Martin Luther King Jr. lived there in 1966. Golda Meir, Israel’s prime minister from 1969 to 1974, lived in the neighborhood and was employed by the Lawndale branch of the Chicago Public Library. Other celebrity residents included musicians Benny Goodman, Ramsey Lewis and singer Dinah Washington.
There are vacant lots next to newly constructed homes. Homes that are boarded up next to incredibly beautiful two-story greystones. At the Homan Avenue elevated train station, an abandoned car with two bullet holes in the driver’s side window had its front passenger side tire bumped upon the curb in front of the entrance to the “L” stop. A patrol car was nearby for a while. There wasn’t yellow police tape or curious onlookers.
Today, North Lawndale’s star is its location. It is 5 miles west of Chicago’s Loop. You can stand in the middle of Jackson or Madison streets and see the Loop office buildings and gentrification moving further west. On Madison Street is where the Chicago Bulls and Chicago Blackhawks play their home games.
In prison, Derrico began turning his life around. He took anger management classes and classes in conflict resolution. He also began working in landscaping with an eye to a vocation he would take up after he left prison.
He earned his GED (General Educational Development) and he read books about black historical figures, including Frederick Douglass.
Michigan, as we know, is home to the Big 3 U.S. automakers, but Derrico explained that Michigan was also known as the prison state. When he was sentenced in 1995, Michigan operated 52 prisons. The Michigan Department of Corrections has closed many of them, currently operating 31 that house 41,000 inmates, a population larger than some small cities. The department also supervises 71,000 probationers and parolees, according to its website.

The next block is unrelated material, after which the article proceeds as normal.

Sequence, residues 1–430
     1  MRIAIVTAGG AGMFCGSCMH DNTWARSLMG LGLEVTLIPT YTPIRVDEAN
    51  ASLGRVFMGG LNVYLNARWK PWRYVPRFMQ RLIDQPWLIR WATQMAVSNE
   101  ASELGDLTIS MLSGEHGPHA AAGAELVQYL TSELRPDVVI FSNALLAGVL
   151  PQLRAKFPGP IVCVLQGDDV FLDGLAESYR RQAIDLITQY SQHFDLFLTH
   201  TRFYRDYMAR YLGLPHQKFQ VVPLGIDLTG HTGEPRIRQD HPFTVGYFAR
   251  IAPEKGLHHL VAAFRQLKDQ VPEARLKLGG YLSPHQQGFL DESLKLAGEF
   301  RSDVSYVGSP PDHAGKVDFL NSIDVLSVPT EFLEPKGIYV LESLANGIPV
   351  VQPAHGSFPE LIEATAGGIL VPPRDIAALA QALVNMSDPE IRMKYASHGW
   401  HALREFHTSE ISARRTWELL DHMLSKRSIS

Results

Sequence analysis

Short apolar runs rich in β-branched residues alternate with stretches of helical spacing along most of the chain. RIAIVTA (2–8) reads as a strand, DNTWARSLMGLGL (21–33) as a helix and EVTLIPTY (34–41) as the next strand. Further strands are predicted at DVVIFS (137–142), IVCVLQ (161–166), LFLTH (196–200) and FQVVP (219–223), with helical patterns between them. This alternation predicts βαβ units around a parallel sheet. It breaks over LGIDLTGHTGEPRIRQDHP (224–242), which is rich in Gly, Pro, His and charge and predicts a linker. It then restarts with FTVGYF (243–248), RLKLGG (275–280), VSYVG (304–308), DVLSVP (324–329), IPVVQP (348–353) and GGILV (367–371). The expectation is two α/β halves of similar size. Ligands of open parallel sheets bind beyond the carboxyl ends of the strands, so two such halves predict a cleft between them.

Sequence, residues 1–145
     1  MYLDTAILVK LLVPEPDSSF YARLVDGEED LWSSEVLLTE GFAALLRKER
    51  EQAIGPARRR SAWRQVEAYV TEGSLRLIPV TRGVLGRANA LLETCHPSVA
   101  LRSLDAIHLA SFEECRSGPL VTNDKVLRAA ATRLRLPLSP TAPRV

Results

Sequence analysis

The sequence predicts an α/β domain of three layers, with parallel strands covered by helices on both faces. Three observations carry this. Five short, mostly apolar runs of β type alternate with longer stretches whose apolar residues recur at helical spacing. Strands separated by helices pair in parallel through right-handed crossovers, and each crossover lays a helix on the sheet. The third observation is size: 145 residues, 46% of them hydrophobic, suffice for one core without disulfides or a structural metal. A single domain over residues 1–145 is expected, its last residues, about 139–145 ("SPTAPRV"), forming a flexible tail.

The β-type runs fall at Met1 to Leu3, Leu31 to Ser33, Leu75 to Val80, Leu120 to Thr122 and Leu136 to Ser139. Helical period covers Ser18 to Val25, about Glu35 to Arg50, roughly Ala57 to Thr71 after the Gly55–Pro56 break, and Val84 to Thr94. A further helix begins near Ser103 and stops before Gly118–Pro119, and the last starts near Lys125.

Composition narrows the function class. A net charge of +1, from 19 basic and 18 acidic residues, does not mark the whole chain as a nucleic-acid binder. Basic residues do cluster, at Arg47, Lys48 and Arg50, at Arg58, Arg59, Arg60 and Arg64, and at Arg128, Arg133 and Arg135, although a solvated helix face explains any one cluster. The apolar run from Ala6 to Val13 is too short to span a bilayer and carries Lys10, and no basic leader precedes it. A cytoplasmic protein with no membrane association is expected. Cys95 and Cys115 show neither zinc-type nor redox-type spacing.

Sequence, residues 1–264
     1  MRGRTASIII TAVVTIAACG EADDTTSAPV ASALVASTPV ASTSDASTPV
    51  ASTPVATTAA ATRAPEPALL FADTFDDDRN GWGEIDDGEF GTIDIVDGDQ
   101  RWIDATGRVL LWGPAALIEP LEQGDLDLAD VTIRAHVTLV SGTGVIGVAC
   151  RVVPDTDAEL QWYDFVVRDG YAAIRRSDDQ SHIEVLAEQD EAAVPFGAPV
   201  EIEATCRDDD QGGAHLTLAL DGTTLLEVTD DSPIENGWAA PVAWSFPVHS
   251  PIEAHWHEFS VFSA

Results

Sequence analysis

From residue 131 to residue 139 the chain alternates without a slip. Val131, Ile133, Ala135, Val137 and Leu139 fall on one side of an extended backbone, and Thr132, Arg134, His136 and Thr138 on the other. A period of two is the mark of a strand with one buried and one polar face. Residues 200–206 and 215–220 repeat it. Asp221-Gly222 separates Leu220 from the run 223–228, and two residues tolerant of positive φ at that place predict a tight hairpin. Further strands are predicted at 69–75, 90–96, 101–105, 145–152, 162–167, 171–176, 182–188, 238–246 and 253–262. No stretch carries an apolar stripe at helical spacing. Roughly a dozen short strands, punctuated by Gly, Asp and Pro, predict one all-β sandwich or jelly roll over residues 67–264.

Derrico served time in 22 of the state’s prisons during his incarceration. In most of the prisons, located in rural parts of Michigan, the majority white staff went out of its way to insult black inmates, telling them they did not know how to work together and that’s why blacks have not achieved anything.
“It hurt to be put in that box,” he said, adding that their hostile, racist comments did not define him. “I knew that it wasn’t me,” he said.
His belief in himself received a boost when the Department of Corrections transferred him to Mound Correctional Facility, which is in Detroit and has a large African-American staff. Mound’s name has been changed to Detroit Detention Center.
Black men, including Victor Muhammad, regional director of the Nation of Islam’s Prison Reform Ministry in Michigan, and Judge Greg Mathis, a popular judge on television, spoke at the center to discuss why so many black men are in prison and what needed to be done to change that trajectory.
Judge Mathis, a Detroit native, has launched a prisoner initiative called Prisoner Empowerment Education and Respect or PEER.